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The posts on this blog are opinions, not advice. Please read our Disclaimers.

Home Prices Are Rising Faster Than You Think

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David Blitzer

Managing Director and Chairman of the Index Committee

S&P Dow Jones Indices

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Prices of existing single family homes, as measured by the S&P/Case-Shiller National Home Price index, are rising is single digit terms.  However, the price changes that matter – the real or inflation adjusted changes – may be higher than many suspect. Backing out inflation, as shown in the chart, gives real increases averaging 6.3% annually in 2012-20015. The compares to real increases of 6.8% annually during 1998-2005, the peak years of the housing boom. With two percent wage increases and one percent inflation, a real increase of 6% or more can make a difference.  These numbers may offer one explanation for the recent popularity of apartments and renting.

The chart shows the rate of inflation (green bars), the real increase in the S&P/Case-Shiller National Home Price Index (red bars) and the nominal increase in the index (blue line). The data for 1976 through 2014 are the 12 months ended in December; for 2015 data for December 2014 to July 2015 are used and annualized.

 

The Next S&P/Case-Shiller Home Price Release is Tuesday, October 27th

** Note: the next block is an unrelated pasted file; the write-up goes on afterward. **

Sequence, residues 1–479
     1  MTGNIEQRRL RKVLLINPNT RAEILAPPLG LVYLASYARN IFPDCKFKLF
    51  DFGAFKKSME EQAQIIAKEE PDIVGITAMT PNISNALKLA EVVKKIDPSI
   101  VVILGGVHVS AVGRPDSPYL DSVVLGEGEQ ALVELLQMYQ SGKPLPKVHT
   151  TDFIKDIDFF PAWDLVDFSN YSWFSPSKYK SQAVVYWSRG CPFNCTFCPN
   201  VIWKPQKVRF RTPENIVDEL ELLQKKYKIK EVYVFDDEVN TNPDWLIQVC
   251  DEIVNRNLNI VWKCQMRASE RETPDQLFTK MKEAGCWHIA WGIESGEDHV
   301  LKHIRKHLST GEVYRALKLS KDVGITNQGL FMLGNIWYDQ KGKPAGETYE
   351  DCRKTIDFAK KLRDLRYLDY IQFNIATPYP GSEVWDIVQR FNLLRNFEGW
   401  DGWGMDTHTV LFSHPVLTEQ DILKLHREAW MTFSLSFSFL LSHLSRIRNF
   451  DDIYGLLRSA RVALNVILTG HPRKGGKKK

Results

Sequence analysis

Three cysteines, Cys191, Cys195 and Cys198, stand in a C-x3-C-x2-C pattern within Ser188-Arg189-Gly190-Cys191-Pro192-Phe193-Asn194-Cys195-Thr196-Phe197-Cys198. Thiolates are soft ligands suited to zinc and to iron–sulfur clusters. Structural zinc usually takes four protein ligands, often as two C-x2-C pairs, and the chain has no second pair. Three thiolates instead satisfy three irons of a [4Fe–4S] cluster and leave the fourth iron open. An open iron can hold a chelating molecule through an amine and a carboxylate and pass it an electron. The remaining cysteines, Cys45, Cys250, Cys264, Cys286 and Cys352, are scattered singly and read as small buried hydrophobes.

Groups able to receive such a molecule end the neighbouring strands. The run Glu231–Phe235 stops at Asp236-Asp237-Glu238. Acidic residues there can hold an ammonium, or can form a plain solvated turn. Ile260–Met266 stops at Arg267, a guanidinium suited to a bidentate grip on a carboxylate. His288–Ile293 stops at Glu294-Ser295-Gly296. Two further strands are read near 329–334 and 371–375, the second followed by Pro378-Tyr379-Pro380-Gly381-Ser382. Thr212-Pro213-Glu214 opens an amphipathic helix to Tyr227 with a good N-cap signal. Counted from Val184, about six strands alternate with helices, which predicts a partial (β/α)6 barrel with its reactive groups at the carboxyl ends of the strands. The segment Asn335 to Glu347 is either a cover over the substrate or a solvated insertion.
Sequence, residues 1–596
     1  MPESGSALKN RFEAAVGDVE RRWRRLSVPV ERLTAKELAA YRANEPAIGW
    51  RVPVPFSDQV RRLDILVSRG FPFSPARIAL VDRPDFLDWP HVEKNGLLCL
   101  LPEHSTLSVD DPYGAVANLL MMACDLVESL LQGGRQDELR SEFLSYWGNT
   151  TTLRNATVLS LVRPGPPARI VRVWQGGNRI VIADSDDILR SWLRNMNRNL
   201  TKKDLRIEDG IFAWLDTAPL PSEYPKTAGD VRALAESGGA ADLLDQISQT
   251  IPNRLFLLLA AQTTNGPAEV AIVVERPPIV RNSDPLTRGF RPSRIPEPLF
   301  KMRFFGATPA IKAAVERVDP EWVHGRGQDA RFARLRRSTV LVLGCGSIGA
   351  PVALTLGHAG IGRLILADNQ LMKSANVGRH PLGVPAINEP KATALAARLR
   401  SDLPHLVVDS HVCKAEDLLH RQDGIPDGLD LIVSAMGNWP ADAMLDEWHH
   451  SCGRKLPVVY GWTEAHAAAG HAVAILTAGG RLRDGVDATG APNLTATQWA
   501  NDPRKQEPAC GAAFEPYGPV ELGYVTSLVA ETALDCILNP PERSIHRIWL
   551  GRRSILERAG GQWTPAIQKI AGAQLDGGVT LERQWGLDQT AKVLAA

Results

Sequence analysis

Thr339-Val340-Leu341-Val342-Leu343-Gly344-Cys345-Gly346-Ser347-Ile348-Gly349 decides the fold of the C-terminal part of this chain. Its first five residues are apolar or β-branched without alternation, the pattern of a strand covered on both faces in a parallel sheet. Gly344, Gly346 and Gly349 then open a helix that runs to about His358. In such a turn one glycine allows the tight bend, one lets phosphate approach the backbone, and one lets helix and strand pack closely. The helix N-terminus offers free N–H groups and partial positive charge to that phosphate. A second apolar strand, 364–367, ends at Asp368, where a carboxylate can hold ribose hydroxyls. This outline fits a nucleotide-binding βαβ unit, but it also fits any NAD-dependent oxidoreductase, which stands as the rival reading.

The posts on this blog are opinions, not advice. Please read our Disclaimers.

A Closer Look at SPIVA® India Mid-Year 2015

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Utkarsh Agrawal

Associate Director, Global Research & Design

S&P Dow Jones Indices

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The SPIVA India Scorecard reports on the performance of actively managed Indian mutual funds compared with their respective benchmark indices over one-, three-, and five-year investment horizons.  With the SPIVA India Mid-Year 2015 Scorecard, we have also introduced asset-weighted fund returns and the quartile breakpoints of fund performance.

The latest scorecard has revealed that the majority of Indian equity large-cap funds outperformed the S&P BSE 100 over the past one-year period ending June 30, 2015.  In contrast, over the three- and five-year periods, they lagged the benchmark.  The excess returns of this peer group also diminished as the observation period was expanded (see Exhibit 1).

SPIVA EX1. 2015

From the quartile breakpoints of the fund performance, it was observed that there was a wide dispersion over the one-year period, which declined as the observation period was expanded (see Exhibit 2).

SPIVA EX2. 2015

For details on other categories, please read the full report.

For SPIVA® India Mid-Year 2015 Info-graphic, please click here.

The posts on this blog are opinions, not advice. Please read our Disclaimers.